Feed the Children paid $1.87 million to former Congressman Julius Caesar “J.C.” Watts, Jr. as part of a settlement stemming from his brief tenure as CEO five years ago.
The settlement was reached in July 2019 — the beginning of the fiscal year that ended June 2020. Feed the Children’s 289-page Form 990 for that fiscal year was filed this past March. Included in the notes to the annual tax form’s section on compensation was the statement: “Per the terms of a settlement, payments were made that were treated as reportable income to J.C. Watts, Jr., totaling $1.87 million, and are included in other reportable compensation on Schedule J, Part II.”
The settlement was nearly five times the compensation of the charity’s highest-paid employee last year. CEO Travis Arnold earned total compensation of $376,823, including base compensation of $355,113. Oklahoma City, Okla.-based Feed The Children reported total revenue of $466 million for the year ending June 2020, including almost $418 million in noncash contributions.
A former quarterback at Oklahoma University, Watts served in Congress from 1995 to 2003, representing the state’s 4th Congressional District. After retiring from Congress, he founded J.C. Watts Companies, a Washington, D.C-based lobbying and consulting firm.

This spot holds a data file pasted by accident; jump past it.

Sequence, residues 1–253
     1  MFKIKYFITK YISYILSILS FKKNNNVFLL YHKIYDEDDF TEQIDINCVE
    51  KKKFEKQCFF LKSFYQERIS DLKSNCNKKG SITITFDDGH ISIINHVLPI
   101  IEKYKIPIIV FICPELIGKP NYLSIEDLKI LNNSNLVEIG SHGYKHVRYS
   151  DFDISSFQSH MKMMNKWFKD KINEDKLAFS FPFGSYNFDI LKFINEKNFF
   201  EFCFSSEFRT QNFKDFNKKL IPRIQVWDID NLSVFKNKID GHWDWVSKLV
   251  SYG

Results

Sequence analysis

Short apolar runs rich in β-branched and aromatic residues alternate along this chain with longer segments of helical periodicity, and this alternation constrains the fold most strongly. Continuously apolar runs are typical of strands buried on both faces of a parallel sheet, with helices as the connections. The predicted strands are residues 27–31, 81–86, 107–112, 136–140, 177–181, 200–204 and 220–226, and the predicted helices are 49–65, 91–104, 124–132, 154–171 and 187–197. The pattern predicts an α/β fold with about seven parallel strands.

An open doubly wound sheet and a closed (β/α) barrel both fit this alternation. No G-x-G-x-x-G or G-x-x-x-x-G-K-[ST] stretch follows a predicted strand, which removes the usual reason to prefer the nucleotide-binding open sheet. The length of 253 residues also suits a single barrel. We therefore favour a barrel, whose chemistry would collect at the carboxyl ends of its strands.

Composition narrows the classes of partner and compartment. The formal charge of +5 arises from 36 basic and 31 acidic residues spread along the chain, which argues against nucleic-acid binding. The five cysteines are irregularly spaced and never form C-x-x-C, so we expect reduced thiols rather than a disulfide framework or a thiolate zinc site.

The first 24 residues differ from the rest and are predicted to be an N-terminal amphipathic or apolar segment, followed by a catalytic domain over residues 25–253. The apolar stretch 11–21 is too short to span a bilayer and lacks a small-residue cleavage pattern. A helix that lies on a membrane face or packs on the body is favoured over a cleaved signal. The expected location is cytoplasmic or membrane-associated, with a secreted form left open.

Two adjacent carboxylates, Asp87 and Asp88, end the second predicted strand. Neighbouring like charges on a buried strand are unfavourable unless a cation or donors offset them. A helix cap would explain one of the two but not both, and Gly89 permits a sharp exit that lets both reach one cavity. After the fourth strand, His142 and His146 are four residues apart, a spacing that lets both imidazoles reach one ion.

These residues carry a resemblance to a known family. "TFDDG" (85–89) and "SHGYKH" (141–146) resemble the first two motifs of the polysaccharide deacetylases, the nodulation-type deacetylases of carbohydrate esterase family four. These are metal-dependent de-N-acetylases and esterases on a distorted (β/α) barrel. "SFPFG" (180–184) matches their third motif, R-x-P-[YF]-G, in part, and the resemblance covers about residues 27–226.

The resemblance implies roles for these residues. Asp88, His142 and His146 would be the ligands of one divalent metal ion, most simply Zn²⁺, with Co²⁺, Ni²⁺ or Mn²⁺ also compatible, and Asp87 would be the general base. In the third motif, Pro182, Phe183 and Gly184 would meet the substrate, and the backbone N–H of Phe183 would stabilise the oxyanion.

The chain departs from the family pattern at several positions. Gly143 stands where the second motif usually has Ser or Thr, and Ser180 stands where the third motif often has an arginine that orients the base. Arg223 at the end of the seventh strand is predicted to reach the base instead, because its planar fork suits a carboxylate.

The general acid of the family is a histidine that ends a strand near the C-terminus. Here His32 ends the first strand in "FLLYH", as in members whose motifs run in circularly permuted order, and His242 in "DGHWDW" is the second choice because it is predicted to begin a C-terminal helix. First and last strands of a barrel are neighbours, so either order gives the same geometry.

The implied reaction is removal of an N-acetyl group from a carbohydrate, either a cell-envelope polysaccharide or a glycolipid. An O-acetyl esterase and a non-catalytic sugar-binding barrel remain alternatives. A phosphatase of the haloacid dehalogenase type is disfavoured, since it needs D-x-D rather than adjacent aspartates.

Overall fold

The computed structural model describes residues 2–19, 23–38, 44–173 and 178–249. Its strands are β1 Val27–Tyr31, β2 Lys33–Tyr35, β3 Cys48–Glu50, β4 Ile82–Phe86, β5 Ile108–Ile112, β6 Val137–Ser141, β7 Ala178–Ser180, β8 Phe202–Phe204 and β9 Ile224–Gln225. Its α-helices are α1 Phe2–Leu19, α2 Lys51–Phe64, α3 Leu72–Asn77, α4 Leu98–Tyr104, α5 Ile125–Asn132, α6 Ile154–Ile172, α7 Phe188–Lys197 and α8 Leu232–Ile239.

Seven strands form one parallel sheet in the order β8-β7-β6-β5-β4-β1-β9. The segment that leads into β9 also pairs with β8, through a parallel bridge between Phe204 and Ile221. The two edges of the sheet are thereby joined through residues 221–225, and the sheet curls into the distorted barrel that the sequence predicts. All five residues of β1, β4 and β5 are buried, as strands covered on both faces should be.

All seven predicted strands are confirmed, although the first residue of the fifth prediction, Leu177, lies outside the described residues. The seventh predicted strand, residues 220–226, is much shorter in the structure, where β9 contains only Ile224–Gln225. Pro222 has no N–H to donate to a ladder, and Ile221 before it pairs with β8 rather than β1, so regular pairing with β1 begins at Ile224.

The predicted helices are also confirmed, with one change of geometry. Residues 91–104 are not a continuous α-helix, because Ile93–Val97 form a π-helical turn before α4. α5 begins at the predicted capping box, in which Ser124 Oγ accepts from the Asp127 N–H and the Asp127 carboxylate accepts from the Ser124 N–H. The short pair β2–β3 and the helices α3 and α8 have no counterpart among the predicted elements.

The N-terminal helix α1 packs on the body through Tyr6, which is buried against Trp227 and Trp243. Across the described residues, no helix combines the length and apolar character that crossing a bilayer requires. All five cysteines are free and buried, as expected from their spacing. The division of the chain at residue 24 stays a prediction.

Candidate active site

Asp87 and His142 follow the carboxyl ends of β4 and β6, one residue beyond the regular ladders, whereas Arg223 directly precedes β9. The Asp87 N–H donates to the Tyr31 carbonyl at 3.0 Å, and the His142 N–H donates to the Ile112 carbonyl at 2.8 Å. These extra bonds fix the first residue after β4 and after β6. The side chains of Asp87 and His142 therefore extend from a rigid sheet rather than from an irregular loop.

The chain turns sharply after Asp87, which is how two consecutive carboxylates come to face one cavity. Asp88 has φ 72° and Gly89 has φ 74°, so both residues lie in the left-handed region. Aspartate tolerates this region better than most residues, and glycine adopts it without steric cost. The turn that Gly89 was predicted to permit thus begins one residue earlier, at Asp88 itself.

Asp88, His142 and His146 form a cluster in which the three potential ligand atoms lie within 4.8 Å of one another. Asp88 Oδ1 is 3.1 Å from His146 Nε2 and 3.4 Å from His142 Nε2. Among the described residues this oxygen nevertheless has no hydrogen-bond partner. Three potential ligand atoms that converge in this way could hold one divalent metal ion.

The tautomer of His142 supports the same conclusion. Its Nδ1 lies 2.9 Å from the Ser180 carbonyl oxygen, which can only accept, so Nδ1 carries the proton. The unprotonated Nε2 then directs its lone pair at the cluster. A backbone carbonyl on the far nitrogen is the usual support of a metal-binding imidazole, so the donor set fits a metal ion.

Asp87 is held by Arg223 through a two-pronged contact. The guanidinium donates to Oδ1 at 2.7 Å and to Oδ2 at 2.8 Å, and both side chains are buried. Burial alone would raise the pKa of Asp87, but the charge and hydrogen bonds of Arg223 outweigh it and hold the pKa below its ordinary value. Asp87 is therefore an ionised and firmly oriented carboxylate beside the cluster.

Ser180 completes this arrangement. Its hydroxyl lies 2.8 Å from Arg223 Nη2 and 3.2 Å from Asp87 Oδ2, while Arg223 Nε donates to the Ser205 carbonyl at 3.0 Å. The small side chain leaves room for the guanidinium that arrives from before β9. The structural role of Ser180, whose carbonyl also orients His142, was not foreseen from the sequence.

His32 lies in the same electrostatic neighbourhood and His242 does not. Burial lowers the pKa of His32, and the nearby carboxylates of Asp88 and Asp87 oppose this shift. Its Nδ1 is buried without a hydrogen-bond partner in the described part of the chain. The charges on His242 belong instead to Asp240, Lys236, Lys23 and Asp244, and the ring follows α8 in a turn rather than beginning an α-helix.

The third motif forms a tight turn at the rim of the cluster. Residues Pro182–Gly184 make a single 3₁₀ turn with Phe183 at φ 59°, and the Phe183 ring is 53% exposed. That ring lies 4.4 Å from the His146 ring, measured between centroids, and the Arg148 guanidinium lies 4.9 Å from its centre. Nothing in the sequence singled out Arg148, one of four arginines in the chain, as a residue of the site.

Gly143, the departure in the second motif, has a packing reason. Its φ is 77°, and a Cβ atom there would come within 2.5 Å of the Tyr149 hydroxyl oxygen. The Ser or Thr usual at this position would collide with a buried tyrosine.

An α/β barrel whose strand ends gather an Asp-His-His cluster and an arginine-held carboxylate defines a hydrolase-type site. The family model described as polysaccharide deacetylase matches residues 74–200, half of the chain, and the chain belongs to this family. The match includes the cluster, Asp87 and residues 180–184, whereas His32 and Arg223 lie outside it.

In February 2016, Watts succeeded Kevin Hagan, who left to become CEO of the American Diabetes Association. By November, Feed the Children announced that he would no longer be president and CEO. Watts sued the organization seeking $75,000 in damages, plus punitive damages and attorney fees.
Watts, 63, contended that his termination was in retaliation for making allegations to the state attorney general and Federal Trade Commission. He claimed to have discovered “internal management and financial problems” after becoming CEO. Feed the Children’s board of directors countersued, responding that Watts was fired for insubordinate, dishonest and improper conduct, misrepresenting his fundraising abilities. Watts had agreed to work for the charity for three years, at an annual salary of $300,000, according to The Oklahoman.
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